The only thing that changes is the rest of us know what many oil-industry experts had always believed: Efforts to fully tap the Monterey Shale will have to wait for the future.

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  • anon||

    Yeah, I really trust the EPA's estimate. Surely they have no ulterior motives whatsoever.

  • OldMexican||

    "I never saw so much glee from bad economic news," said Tupper Hull, spokesman for the Sacramento-based Western States Petroleum Association. "It does not change the dynamics or the debate about hydraulic fracturing."


    Those enviro-wackos would be placing the same letter in a stamped envelope the exact same way even if the real amount of recoverable shale oil came to 96% of the estimate and not just 4%. They don't care.

    Remember, they are NOT about the environment, but about back-door socialism.

  • Sevo||

    "The reduced production number "is the government's estimate of how much oil drillers can get out of the earth with existing technology and at current prices,"

    To be clear, it is and estimate by those who have no skin in the game; it can be heeded or ignored by those risking their money at their choice.

  • UnCivilServant||

    This problem will fix itself. The oil may be too expensive to extract right now using current techniques, but if oil prices go up there will be increased incentive to figure out how to get it out of the ground.

    Maybe by that time, the idiots that have infested California will have been killed off by their own stupidity.

  • anon||

    Please. Haven't you seen Idiocracy yet?

  • UnCivilServant||

    I have no time for Reality TV Movies.

    Once it reaches toxic levels, there is a vast die-off, we just need to isolate the state to prevent the exodus which would extend the zone of infection.

  • anon||

    Yeah, I generally don't either. I watched it a while back when I had time to slack off. I enjoyed the movie though.

  • UnCivilServant||

    It's much easier to watch it play out in California - once we've taken measures to prevent the spread of the contaminant. Usually you can get a generation's worth of immunity after a die-off, but this is not guaranteed. The larger the area of contamination, the more survivors who will pine for the 'good old days' before the collapse (see Russia re Communism).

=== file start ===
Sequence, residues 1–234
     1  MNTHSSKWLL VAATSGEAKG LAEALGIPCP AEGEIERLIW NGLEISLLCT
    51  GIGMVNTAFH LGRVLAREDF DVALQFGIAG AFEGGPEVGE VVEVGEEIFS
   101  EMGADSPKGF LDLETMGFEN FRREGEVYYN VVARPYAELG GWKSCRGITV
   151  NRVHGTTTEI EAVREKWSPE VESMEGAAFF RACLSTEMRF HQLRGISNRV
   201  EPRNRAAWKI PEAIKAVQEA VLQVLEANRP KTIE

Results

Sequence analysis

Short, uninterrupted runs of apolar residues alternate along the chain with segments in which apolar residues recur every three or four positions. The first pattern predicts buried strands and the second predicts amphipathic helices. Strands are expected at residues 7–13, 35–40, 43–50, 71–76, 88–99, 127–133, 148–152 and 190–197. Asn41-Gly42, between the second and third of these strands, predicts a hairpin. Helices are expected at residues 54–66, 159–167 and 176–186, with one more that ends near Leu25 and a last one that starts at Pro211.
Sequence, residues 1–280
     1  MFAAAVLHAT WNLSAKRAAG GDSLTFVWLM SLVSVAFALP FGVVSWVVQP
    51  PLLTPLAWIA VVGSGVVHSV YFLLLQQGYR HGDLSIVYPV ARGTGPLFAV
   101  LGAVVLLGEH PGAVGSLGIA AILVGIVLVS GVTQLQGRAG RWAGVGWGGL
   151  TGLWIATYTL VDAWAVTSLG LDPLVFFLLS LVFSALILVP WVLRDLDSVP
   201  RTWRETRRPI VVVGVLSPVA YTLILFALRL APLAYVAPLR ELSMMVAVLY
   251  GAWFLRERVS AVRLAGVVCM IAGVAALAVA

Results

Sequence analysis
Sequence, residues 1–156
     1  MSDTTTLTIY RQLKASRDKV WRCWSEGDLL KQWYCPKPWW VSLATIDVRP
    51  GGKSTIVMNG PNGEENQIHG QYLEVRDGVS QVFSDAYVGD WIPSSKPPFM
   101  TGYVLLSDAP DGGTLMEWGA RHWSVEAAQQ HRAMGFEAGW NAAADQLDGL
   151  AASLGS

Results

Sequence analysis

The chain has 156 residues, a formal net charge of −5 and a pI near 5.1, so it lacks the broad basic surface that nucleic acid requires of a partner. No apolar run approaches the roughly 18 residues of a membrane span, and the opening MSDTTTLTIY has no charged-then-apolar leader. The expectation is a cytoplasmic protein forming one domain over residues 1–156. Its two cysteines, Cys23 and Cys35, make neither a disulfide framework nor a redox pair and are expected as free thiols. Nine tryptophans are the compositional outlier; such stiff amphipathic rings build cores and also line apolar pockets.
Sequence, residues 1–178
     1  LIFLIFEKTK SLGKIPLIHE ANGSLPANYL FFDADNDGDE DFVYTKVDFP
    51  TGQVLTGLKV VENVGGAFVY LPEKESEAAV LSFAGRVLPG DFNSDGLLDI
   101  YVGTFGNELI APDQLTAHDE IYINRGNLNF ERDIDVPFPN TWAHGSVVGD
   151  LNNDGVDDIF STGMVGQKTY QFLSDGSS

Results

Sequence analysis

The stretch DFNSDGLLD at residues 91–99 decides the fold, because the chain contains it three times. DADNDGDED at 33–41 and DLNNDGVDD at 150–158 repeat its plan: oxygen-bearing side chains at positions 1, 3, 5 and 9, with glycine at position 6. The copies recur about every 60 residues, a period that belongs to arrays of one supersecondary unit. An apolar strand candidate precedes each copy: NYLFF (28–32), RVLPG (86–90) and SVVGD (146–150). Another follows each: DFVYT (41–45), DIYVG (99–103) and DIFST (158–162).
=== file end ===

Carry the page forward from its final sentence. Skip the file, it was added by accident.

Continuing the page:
• Bill||

    That's exactly what they are after. It's commonly stated in many Ecology and Environmentalism courses that we need to find ways to humanely reduce world population.

  • Brett L||

    Proven reserves can increase by 2500% when the price hits a certain point. That seems like good news.

  • BilboTeabaggins||

    Greenhut gets it right above, but your average Californian who isn't around the industry has no idea what the differences are between proven and unproven reserves are or how mineral leases work. Saying 4% of the reserves are recoverable is not the same as saying 96% of the oil was never there. There is a huge difference in what is recoverable based on a given WTI price.

  • Rev-Match||

    "I never saw so much glee from bad economic news,"

    Enviro-Nazis do not care about economics or humans being prosperous. They care about pushing their socialism under the guise of "environmentalism". As if we are not a product of the environment that is fully entitled, as any species, to better our position in nature by using nature to our advantage to ensure our comfort & survival.

  • Brian||

    How is this possible? With the Koch brothers controlling the entire national environmental agenda? Through their donations to Reason?

    Clearly, this isn't happening.

  • jmomls||

    I bet that when we sell California to the Chinese, they'll find and pump up all that oil lickety split!

  • Bill||

    "Apparently, even the anti-fracking groups understand as much"

    You must not know much about environmentalists ......

  • Mark22||

    "Stimulation techniques" makes it sound so dirty... I like it!